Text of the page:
Neighborhood characteristics and transport walking: Exploring multiple pathways of influence using a structural equation modeling approach

Authors: Jingjing Li*, Drexel University, Daniel A. Rodriguez, University of California Berkeley, Amy H. Auchincloss, Drexel University, Yong Yang, University of Memphis, Brisa N. Sánchez, Drexel University
Topics: Geography and Urban Health, Transportation Geography, Urban and Regional Planning
Keywords: Neighborhood effects; Transport walking; Residential self-selection; Walking attitude; Structural equation modeling
Session Type: Virtual Paper
Day: 4/8/2021
Start / End Time: 4:40 PM / 5:55 PM
Room: Virtual 8
Presentation File: No File Uploaded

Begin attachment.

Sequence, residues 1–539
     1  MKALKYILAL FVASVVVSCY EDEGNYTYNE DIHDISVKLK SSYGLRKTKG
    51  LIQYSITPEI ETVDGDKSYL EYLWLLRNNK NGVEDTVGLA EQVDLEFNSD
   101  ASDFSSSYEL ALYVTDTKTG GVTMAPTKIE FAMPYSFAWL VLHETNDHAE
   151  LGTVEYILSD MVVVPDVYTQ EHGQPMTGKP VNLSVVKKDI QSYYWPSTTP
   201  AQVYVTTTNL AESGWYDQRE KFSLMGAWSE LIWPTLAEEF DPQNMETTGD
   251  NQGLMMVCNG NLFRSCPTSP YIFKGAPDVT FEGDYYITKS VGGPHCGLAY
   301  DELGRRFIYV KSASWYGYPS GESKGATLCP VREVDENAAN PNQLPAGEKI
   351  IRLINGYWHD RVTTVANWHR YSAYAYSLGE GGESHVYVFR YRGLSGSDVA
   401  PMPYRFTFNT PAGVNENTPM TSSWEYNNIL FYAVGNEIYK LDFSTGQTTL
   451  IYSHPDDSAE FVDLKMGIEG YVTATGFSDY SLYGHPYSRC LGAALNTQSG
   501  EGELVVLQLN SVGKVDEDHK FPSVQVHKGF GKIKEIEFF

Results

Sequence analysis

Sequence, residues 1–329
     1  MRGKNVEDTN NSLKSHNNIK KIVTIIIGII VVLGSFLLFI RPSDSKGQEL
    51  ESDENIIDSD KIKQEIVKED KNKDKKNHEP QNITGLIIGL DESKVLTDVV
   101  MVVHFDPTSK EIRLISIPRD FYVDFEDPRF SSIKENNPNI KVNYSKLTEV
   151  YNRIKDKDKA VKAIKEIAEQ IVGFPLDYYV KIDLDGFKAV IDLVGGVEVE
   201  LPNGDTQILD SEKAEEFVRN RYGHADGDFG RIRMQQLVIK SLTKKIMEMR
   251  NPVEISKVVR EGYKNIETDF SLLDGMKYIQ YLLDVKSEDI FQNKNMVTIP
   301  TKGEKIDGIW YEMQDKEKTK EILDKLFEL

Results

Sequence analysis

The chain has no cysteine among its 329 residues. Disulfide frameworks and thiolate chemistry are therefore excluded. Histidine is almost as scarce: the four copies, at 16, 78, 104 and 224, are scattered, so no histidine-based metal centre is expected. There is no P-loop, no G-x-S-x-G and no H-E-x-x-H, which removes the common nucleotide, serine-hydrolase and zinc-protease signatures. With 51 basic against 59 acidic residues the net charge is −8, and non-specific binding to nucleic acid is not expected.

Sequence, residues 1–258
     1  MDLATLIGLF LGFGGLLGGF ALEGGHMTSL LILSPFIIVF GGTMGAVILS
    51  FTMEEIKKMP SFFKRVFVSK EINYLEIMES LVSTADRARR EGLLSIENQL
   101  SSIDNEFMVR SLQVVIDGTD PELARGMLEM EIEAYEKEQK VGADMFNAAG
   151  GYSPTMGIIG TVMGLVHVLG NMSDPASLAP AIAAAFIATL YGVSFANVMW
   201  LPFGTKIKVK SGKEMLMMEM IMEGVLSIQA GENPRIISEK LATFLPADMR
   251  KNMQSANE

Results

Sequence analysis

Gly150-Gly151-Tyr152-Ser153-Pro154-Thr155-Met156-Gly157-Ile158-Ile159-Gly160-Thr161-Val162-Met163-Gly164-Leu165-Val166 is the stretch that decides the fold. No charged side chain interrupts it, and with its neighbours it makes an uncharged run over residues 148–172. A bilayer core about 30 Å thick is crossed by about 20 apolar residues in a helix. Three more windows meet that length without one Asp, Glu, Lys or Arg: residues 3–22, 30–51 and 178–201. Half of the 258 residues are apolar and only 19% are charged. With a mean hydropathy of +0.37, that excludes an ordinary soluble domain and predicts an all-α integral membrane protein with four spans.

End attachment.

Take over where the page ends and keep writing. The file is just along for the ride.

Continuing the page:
In studies of neighborhood effects on transport walking, residential preferences along with other personal characteristics (walking attitude, factors that affect decision to walk for transport) are important factors to consider. However, few studies have examined relationships between neighborhood characteristics and transport walking accounting for a complex suite of personal factors. This study employed a structural equation modeling approach to examine associations between neighborhood characteristics and transport walking behaviors by accounting for residential preferences, self-assessed factors that affect decision to walk for transportation, and socio-demographics; and to examine whether neighborhood effects were modified by walking attitude and residential preferences. Based on a cross-sectional phone and mail survey of 2848 residents of New York City, Baltimore, Chicago, Los Angeles, St. Paul, and Winston Salem in 2011–12, we found neighborhood characteristics had significant independent associations with transport walking, even after adjusting for residential preferences and other personal factors. Neighborhood effects on transport walking did not differ significantly by walking attitude or residential preferences. Our findings highlight the importance of neighborhood effects in promoting transport walking, and suggest that while residential preferences are important factors, they do not obviate the neighborhood effects on transport walking.

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